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The Romans called a strong wind blowing from the eastern shore of the Mediterranean a Levant wind (from Latin 'levare', 'to raise' because that was the direction where the sun seemed to rise). Naturally, the west wind was called Ponent, from 'ponere', which means 'to set'.

Le"vant (?), a. [F., p. pr. of lever to raise.] Law

Rising or having risen from rest; -- said of cattle. See Couchant and levant, under Couchant.


© Webster 1913.

Le*vant" (?), n. [It. levante the point where the sum rises, the east, the Levant, fr.levare to raise, levarsi to rise: cf. F. levant. See Lever.]


The countries washed by the eastern part of the Mediterranean and its contiguous waters.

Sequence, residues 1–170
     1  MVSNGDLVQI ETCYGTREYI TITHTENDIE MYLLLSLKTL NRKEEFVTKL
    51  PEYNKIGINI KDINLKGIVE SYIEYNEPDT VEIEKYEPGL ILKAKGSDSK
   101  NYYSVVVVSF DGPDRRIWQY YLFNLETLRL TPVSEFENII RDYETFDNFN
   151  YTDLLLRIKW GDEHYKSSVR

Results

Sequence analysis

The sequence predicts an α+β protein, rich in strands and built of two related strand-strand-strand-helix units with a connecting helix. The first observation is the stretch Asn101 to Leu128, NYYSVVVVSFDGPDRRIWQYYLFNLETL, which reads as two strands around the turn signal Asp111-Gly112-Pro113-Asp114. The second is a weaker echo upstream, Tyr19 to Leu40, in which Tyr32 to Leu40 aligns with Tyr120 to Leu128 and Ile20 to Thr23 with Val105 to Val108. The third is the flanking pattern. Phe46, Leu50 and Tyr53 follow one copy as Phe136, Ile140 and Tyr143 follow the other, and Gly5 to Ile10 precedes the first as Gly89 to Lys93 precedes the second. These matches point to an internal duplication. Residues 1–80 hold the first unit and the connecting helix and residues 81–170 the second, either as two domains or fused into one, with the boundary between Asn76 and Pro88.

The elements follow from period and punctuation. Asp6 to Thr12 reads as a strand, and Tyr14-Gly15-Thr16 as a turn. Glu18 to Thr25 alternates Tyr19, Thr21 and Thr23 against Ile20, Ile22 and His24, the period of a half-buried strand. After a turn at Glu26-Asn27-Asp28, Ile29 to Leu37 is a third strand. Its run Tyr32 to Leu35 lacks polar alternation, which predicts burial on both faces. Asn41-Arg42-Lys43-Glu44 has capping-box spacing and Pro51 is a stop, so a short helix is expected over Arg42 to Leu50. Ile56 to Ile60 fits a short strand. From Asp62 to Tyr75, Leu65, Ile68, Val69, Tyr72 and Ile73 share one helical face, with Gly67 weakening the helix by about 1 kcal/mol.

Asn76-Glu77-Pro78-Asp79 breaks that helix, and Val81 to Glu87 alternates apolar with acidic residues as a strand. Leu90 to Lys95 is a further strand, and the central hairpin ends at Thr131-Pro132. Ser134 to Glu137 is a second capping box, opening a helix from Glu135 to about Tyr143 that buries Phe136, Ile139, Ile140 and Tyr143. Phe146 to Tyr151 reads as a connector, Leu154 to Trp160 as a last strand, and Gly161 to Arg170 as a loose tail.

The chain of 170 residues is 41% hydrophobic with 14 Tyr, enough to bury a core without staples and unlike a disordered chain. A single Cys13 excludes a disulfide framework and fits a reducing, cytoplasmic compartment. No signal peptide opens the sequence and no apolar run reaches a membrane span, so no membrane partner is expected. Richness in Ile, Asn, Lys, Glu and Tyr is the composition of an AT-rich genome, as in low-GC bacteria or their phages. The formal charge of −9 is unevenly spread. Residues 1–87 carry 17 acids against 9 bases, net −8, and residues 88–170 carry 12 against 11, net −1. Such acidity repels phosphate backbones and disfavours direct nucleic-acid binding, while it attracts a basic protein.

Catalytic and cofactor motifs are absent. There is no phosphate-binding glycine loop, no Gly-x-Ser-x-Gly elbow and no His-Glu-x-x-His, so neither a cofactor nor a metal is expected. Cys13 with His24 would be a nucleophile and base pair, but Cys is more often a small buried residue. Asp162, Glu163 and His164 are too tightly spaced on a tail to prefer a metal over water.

A levanter (the wind so called).


© Webster 1913.

Le"vant (?), a.



Forth rush the levant and the ponent winds. Milton.


© Webster 1913.

Le*vant" (?), v. i. [Cf. Sp. levantar to raise, go from one place to another.]

To run away from one's debts; to decamp.

[Colloq. Eng.]



© Webster 1913.

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